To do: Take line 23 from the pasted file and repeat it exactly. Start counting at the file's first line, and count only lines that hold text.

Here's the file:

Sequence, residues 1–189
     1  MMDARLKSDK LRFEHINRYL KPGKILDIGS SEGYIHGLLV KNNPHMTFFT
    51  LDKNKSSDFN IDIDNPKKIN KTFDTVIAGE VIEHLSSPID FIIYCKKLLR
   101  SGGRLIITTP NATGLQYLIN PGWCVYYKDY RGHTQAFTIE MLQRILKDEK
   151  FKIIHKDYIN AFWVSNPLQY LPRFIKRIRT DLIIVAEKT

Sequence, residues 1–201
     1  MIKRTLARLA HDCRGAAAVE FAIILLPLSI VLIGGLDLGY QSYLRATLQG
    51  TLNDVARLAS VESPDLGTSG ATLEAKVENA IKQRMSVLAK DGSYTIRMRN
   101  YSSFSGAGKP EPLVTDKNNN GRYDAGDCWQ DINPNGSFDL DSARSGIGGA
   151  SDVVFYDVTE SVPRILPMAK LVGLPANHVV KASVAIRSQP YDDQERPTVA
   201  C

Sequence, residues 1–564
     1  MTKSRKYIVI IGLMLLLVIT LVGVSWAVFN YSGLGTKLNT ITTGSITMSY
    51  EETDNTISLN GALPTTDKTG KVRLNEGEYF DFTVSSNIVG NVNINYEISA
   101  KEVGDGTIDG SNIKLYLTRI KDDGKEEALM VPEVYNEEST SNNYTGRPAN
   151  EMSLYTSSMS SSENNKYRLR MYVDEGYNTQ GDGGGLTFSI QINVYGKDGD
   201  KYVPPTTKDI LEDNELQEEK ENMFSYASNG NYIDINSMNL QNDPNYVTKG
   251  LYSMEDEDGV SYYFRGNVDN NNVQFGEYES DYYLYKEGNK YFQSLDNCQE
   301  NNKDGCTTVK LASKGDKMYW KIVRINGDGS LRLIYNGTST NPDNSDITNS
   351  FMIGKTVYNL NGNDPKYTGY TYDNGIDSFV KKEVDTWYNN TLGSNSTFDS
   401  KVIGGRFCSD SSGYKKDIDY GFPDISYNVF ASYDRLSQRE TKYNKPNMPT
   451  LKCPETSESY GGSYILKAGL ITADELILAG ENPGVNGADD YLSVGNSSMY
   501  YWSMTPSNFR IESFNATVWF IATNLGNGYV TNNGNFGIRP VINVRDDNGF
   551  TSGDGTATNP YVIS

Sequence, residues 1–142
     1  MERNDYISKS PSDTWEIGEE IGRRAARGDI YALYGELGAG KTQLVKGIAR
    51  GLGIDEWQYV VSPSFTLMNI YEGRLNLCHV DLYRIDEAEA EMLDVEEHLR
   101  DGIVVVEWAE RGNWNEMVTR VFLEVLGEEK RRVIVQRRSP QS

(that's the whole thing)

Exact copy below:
   501  YWSMTPSNFR IESFNATVWF IATNLGNGYV TNNGNFGIRP VINVRDDNGF